The answer to this question is complex, but in general terms the high and rising costs of health care are the result of eight key drivers:
1. Medical technology is amazing…but it’s expensive
As new health care technologies prove to be more effective, expect utilization to increase; in turn driving costs up even more. Spending on health care technology accounts for two-thirds of the growth in spending.
2. Inflation and Economics
Inflation affects all aspects of life, health care included. However, medical inflation is dramatically outpacing general inflation. Why? It is simple economics. As demand for health care services increases, so do prices. An example of this problem: in the US we currently have 350,000 primary care doctors. It is expected that we will need approximately 400,000 primary care physicians to properly care for our aging population by 2020. What will happen to the cost of these physician’s services if we don’t address the supply issue? Costs will continue to outpace general inflation.
In a normal market, given these conditions, the invisible hand would get to work and natural incentives would avail themselves to medical students (i.e. they would make more money because supply/demand equation is out of balance). In reality, there are very few incentives to become a primary care physician right now given the uncertainty of US health care system. A primary source of this uncertainty is the Patient Protection and Affordable Care Act. Combine this uncertainty with burdensome regulations, excessive administrative and compliance costs, and virtually unlimited malpractice risks associated with running a primary care practice, and it is no wonder that a doctor-shortage is imminent.
3. Cost Shifting
The government brags about its ability to control costs by pointing to statistics that show how much less services cost under their Medicare program as compared to services covered by private insurers. The fact that Medicare and other government health care programs limit reimbursements (effectively instituting price controls) does not mean that the true costs of this care just disappears. These costs are simply shifted elsewhere in the system. Now let’s follow the trail. These unreimbursed costs get shifted to private insurers. Private insurers in turn tap their primary source of capital…their clients (i.e. you!). The lesson here is this – even if the government says that they are not going to raise your taxes to pay for government health care programs; you will, in fact, be paying for these programs in the form of higher insurance premiums.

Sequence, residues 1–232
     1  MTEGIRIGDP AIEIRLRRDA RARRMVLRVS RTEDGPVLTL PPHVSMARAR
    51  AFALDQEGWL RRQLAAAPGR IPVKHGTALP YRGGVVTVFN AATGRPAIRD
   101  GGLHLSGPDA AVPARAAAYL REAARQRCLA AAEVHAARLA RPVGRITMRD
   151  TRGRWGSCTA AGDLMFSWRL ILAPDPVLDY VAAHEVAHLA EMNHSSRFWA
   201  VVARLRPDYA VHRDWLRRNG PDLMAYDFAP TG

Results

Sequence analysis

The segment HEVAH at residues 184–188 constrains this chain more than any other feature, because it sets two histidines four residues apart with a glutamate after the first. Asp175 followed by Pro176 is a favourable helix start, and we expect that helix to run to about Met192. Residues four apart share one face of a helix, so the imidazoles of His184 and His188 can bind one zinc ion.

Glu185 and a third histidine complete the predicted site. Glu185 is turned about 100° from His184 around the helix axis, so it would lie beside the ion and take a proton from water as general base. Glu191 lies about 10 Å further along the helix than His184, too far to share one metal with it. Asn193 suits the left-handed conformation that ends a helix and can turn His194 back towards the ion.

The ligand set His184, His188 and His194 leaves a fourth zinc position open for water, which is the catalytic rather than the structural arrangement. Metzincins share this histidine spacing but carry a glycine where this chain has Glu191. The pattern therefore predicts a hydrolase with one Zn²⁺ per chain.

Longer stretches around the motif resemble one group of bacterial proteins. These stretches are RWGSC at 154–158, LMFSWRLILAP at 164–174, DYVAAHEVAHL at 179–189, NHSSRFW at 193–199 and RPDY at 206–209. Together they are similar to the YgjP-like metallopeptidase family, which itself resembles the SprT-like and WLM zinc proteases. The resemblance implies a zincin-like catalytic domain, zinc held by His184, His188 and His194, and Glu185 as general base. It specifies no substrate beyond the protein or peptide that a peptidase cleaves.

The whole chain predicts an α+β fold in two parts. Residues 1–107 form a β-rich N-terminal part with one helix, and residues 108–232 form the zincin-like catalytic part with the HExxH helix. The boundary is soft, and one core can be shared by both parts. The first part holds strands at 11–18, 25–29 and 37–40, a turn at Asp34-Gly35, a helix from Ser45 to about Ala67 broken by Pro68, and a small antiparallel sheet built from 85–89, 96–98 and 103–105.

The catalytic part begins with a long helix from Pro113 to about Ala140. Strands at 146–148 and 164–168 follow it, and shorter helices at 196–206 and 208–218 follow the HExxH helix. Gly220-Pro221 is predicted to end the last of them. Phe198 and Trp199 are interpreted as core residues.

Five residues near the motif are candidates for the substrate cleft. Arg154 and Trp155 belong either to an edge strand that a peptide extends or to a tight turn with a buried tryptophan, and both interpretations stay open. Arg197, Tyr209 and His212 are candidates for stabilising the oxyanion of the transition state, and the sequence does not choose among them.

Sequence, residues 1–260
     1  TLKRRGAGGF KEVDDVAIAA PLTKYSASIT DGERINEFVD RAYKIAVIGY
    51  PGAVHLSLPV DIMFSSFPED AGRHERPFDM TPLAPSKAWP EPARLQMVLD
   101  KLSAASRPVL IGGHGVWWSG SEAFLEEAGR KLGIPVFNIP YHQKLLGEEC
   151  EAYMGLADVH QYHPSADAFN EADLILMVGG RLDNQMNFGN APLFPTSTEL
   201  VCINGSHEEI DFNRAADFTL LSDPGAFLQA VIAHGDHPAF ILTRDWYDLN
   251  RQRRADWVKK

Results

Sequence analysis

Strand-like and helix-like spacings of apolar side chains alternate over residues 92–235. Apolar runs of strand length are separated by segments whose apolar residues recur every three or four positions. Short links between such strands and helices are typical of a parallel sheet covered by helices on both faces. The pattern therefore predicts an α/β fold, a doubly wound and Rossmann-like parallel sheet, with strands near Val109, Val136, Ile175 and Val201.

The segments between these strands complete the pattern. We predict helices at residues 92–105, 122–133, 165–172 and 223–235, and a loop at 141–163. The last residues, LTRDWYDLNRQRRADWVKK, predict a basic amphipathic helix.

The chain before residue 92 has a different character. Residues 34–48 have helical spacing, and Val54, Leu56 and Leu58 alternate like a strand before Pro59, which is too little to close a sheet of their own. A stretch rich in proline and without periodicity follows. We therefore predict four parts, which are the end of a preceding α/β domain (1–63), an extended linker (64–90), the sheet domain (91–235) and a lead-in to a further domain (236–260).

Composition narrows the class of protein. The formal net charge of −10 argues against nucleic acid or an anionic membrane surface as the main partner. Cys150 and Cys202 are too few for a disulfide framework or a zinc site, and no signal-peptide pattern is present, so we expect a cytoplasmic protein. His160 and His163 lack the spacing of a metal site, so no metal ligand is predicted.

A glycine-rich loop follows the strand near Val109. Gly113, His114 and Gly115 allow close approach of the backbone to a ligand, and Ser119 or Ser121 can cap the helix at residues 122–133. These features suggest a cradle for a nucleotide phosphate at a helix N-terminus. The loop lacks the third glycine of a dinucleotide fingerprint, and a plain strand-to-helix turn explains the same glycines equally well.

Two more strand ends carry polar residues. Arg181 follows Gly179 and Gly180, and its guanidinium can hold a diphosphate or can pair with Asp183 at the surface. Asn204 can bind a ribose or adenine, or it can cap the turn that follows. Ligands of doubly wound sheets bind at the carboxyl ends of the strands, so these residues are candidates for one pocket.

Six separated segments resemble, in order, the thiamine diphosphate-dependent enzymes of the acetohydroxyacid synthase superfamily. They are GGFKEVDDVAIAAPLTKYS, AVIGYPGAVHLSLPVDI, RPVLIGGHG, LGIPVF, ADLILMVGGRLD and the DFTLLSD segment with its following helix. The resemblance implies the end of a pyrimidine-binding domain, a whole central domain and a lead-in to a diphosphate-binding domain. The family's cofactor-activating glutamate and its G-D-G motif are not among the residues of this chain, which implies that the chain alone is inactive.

4. Compliance Costs
Did you know that health care insurers spend over $340 billion every year to comply with government regulations. Approximately half of this cost is spent covering services that government mandates be covered by insurance (regardless of whether you, as the consumer, wants this additional coverage or not). The other half is spent on regulatory and reporting requirements.
5. Our Lifestyle Decisions
Spending on chronic diseases accounts for 75% of all health care spending. One way that we can help reduce these costs is to take better care of ourselves. Obesity, tobacco use, drug abuse, poor nutrition, and physical inactivity are all risk factors that can lead to chronic diseases…and all of these are controllable! If we, as a nation, are to have any chance of controlling the out of control health care inflation, then we need to look in the mirror and start taking personal responsibility for our own health.
6. Excessive Utilization
It is estimated that one third of all procedures performed in the US have questionable benefits and/or are outright inappropriate. The lesson here – more care does not always mean better care.
7. Health Care Fraud and Abuse
Conservative estimates suggest that health care fraud and abuse accounts for over 3% of the overall cost of health care. This amounts to $68 billion per year (or $180 Million per day).
8. Prescription Drug Costs
Here are some interesting facts about prescription drug use in the US:
- The rate of inflation for prescription is 2.5 times that of the general rate of inflation.
- Some cancer drugs can cost as much as $100,000 per patient for the course of the treatment.
- 50% of all adults in the US take at least one prescription drug per day and 7% take at least five drugs per day.
- Two thirds of patients that enter a physician’s office leave with a prescription.
These eight drivers account for most of the rate of increase in health care spending. You might be thinking to yourself, “but what about all those profits reaped by the health insurance companies? That must be a key driver too!”. This is a common misconception. In reality, insurance company profits amount to just 3% of your premium investment. To learn where the rest of your premiums go, check out this article.
Health care costs and health insurance premiums are closely correlated. By understanding the key drivers behind health care inflation, we can start making better decisions personally, and as a nation, in an effort to control these costs and to, hopefully, reduce the rate of premium inflation.
For a free review of you current health insurance options, please call Sage Benefit Advisors at (970) 484-1250. We are here to serve!